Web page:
The states with anti-deficiency laws are Alaska, Arizona, California, Connecticut, Hawaii, Idaho, Iowa, Minnesota, Montana, Nevada, New Mexico, North Carolina, North Dakota, Oregon, Washington, and Wisconsin. Again, talk to a foreclosure attorney because some of these states have exceptions to the rule.

 

When Is It Too Late to Sell My Home During Foreclosure?

The most important time to act when you’re facing foreclosure is the pre-foreclosure stage. This stage officially starts when you receive a Notice of Default (NOD), which is the first step the lender will take in an effort to get you to get caught up on your missed mortgage payments. This is usually sent when you are between 3 to 6 months behind in your payments. During this time, you’ll have a small grace period to either get caught up or sell your home.

If you’ve received a default notice that your property is going on the foreclosure auction block, it’s usually too late to sell your home via the traditional route. This is why it’s imperative to do your best to sell your home or go over your options the moment you receive a foreclosure notice.

Good news though, some states offer a redemption period after your home is foreclosed on. The redemption period doesn’t give you much time to sell your home or pay the foreclosure sale price (plus any additional fees like interest, HOA fees, property taxes, etc.).

Due to having a very small period of time to act, selling your home a company like HomeGo could be your saving grace. By working with HomeGo, you can receive a same-day offer to buy your home. We can even close the sale in as little as 7 days and provide a lease-back option while you look for your next home. HomeGo provides a solution to sell your house for cash before foreclosure and benefits you in the following ways:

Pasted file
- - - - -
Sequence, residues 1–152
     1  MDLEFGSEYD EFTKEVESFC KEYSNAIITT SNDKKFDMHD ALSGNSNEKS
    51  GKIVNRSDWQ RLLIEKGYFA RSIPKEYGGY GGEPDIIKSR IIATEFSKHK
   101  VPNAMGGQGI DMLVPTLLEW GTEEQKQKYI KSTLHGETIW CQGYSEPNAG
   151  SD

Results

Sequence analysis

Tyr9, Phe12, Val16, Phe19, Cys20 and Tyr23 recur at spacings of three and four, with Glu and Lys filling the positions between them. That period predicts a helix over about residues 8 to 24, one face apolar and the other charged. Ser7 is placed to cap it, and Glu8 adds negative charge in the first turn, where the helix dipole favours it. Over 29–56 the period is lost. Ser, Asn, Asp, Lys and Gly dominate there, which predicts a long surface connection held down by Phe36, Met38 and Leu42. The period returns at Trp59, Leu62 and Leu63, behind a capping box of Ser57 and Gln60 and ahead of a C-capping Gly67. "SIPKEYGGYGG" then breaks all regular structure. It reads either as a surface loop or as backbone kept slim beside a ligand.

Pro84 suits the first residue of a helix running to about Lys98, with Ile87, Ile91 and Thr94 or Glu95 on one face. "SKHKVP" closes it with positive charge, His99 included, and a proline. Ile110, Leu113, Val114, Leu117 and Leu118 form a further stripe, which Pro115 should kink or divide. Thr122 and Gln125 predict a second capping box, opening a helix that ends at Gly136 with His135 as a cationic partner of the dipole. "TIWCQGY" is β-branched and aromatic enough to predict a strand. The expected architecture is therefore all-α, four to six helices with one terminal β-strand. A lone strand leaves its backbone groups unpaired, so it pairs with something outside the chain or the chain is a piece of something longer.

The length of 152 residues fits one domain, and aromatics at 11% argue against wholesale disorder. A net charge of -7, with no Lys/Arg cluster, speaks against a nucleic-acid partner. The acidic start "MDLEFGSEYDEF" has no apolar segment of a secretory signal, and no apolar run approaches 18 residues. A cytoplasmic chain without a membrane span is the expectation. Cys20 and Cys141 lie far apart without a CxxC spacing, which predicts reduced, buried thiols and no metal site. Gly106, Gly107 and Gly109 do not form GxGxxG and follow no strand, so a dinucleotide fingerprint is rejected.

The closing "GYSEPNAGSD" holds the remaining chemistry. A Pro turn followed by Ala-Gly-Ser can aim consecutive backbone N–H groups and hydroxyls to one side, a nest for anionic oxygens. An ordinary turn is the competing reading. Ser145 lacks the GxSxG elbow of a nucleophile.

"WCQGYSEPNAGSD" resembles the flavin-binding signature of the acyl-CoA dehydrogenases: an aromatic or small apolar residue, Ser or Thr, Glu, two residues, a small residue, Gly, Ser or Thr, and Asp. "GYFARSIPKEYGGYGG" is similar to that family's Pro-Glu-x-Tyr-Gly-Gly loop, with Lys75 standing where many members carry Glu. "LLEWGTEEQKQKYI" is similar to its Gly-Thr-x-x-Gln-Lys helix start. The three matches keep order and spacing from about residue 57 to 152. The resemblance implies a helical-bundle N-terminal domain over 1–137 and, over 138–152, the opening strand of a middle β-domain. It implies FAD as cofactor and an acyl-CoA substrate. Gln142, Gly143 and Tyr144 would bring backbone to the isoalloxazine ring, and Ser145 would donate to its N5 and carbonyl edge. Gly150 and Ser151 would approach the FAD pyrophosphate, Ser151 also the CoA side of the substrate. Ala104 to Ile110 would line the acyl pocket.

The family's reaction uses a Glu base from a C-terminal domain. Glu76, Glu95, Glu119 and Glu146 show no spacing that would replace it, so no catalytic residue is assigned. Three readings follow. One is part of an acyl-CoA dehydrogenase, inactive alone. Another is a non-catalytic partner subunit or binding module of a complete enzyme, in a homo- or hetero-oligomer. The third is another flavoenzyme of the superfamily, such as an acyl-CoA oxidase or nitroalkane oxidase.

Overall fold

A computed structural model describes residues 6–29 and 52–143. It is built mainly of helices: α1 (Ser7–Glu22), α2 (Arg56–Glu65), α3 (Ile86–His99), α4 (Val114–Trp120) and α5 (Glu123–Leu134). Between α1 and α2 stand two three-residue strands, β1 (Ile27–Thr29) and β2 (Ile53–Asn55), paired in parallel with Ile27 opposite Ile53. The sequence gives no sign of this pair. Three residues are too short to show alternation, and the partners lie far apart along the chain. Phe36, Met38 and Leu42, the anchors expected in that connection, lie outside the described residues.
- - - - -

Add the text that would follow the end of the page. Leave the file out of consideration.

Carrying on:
• You don’t have to spend time or money on costly repairs because we buy homes in as-is condition.
  • We save you the time and stress associated with listing your home and waiting for qualified buyers.
  • HomeGo purchases homes with our own money, so the sale will not fall through.
  • HomeGo never charges commissions, closing costs, or fees.

Options for Home in Foreclosure

 

Tips for Selling Your House Quickly Before Foreclosure

You need to act fast if you want to try to sell your home before your bank forecloses on it. The first thing you need to do is research home sales in your neighborhood. Knowing what other homes in your area have recently sold for will give you a better idea of the fair market value of your home.

In most cases, homeowners will need to sell quickly, so consider listing the starting price lower than comparable home prices in your area. However, listing your home is rarely the fastest option and it may be off the table completely if you’re trying to sell your house before foreclosure.

In this situation, a cash buyer is likely your best option. Cash home buyers, such as HomeGo, will purchase your home as-is and can close in as little as 7 days. That way, you can wash your hands of the situation and move on.

With foreclosure around the corner, you likely don’t have the time or the emotional capacity to deal with the stress of getting the home ready to be placed on the market or waiting for potential buyers.

 

Time Is of the Essence When You Are Being Foreclosed On

Under federal law, banks and mortgage servicers cannot initiate foreclosure proceedings until you have fallen at least 120 days behind in mortgage payments. That doesn’t give you much time to sell if you’re hoping to be out of the home before foreclosure takes place.

HomeGo understands you’re going through a difficult time, and we want to help. We have a compassionate goal to help homeowners and will work with your particular situation. We want to help you move out and move on quickly. Please contact us today to learn more about our services or to schedule a walk-through.